Per Hoopdata.com, Ibaka made 46.4 percent of his shots from 16-23 feet last season, which is close to the upper bound for a player. Last season, Steve Nash and Dirk Nowitzki were the lone players in the NBA to make better than half of their long twos. To match his efficiency on those shots, Ibaka has to make 31.0 percent of his threes, which is well within reach. Moving back beyond the arc has a lot of upside if Ibaka can hit threes at a decent clip both because the shots are more valuable and because it stretches the floor.

Finding evidence of the value of adding the three-point shot is somewhat more difficult. Removing the requirement of being quite so adverse to shooting threes at first, I found a group of 14 seasons by big men (including several multiple times) dating back to 2008-09 who increased their rate of three attempts by at least five percent of their plays and previously used no more than 20 percent of their plays on threes. Here is how their overall performance changed:

Player              Year2   3A1   3A2  Diff  DWin%   DTS%   DOPM
Kevin Love           2010   .02   .12   .10   .088   .011    6.1
Yi Jianlian          2009   .03   .22   .19   .043  -.011    3.2
Jared Jeffries       2010   .03   .16   .13   .047   .034    1.2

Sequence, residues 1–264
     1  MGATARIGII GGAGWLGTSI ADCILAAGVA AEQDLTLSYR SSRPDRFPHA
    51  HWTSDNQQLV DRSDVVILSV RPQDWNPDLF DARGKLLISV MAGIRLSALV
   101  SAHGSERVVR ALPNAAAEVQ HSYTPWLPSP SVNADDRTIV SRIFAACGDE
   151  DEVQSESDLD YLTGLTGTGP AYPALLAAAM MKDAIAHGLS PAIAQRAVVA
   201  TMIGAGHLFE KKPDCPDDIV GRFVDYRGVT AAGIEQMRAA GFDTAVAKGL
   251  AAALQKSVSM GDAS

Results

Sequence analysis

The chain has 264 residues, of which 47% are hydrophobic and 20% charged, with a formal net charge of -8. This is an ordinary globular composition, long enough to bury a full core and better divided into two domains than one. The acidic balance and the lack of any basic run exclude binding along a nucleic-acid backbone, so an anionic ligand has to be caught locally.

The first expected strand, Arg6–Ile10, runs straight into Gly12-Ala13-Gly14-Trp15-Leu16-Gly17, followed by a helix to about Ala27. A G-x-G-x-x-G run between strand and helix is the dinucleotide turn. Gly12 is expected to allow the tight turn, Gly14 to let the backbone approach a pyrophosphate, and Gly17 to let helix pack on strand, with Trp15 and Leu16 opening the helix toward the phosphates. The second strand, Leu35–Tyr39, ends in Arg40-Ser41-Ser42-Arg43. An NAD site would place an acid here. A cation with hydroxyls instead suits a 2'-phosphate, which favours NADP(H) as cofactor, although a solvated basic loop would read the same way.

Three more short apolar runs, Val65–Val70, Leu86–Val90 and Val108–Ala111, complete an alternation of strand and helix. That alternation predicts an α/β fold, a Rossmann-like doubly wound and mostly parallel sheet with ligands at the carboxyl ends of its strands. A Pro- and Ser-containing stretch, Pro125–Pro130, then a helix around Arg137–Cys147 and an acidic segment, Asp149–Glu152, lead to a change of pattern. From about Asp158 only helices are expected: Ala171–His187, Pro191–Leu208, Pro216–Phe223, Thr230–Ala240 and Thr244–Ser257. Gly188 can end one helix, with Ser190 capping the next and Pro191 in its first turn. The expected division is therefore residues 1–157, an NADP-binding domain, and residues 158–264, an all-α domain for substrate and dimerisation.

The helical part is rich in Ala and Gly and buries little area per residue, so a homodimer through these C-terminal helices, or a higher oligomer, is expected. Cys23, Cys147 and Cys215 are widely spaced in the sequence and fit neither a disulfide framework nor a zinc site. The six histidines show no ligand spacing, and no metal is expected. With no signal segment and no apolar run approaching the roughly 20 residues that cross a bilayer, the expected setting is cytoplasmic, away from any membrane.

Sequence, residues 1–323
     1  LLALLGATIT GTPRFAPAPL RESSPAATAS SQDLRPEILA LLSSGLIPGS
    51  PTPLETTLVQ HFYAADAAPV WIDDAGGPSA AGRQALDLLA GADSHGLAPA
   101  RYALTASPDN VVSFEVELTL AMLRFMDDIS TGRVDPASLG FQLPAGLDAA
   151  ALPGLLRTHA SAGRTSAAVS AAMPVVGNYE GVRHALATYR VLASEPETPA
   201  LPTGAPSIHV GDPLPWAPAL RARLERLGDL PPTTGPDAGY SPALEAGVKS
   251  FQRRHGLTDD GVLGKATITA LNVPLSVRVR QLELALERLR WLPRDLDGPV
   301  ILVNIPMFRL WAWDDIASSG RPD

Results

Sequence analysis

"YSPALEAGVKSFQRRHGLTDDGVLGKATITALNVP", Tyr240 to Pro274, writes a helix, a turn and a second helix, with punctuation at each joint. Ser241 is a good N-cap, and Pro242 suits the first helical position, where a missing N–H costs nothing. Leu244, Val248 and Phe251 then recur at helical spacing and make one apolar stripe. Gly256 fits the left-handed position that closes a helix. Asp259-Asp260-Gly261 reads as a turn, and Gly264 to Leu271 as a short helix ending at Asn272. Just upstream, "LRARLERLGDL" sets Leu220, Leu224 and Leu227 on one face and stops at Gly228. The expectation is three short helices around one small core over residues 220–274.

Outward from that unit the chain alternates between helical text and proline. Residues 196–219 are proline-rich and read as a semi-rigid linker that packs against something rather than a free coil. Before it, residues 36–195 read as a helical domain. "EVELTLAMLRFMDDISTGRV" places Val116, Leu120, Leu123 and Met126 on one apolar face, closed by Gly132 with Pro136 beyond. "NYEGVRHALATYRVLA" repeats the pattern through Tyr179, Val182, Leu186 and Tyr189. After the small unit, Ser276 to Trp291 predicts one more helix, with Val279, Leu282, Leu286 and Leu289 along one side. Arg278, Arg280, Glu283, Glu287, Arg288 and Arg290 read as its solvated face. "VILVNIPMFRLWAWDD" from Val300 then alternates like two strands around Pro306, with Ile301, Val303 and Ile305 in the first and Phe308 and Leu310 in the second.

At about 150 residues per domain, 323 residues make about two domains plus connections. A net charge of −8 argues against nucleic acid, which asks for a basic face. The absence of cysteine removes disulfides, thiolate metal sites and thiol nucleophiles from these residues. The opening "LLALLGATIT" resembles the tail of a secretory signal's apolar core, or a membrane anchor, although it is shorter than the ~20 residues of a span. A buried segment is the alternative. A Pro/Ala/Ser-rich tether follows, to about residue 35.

Dirk Nowitzki        2011   .06   .11   .05   .031   .034    5.0
Brad Miller          2010   .06   .17   .10  -.088  -.036  - 3.4
Lamar Odom           2010   .11   .19   .08   .010  -.010  -12.0
Dirk Nowitzki        2012   .11   .16   .05  -.040  -.048  - 1.2
Kevin Love           2012   .15   .20   .05   .003  -.025    4.1
Lamar Odom           2012   .16   .25   .09  -.242  -.166  - 6.7
Brad Miller          2011   .17   .27   .11   .120   .036  - 3.0
Charlie Villanueva   2010   .19   .29   .10  -.060  -.003  - 3.8
Josh Smith           2011   .01   .11   .11  -.039   .004  - 2.4
Boris Diaw           2009   .05   .16   .11   .077   .051    7.8
Boris Diaw           2010   .16   .20   .05  -.013  -.013    3.5
Average                     .09   .19   .09  -.004  -.010  - 0.1

On average, these big men doubled their three-point attempts. Nonetheless, their winning percentages, True Shooting Percentages and net offensive plus-minus (per BasketballValue.com) all dropped slightly. The presence of Lamar Odom here doesn't help matters, since Odom declined by a historically large amount last season. Eight of the 14 players improved their winning percentages, though less than half (six) improved their efficiency as shooters.

Though net plus-minus has shown the value of floor spacing, the results here were decidedly mixed. Again, Odom is a major negative factor--but even more from 2008-09 to 2009-10, when his value to the Lakers' offense in what was likely nothing more than a fluke. That aside, as many players declined in terms of net offensive plus-minus as improved.

So maybe there's no reason to expect that adding a three-point shot will make Ibaka any more valuable, at least in the short term, but there also seems to be little harm in the effort. As long as Ibaka can keep his percentage at a reasonable level, keep letting them fly.

Check out our Pro Basketball Prospectus 2012-13 homepage for more details and to order our annual guide to the NBA, available now in both PDF and paperback format.

Kevin Pelton is an author of Basketball Prospectus. You can contact Kevin by clicking here or click here to see Kevin's other articles.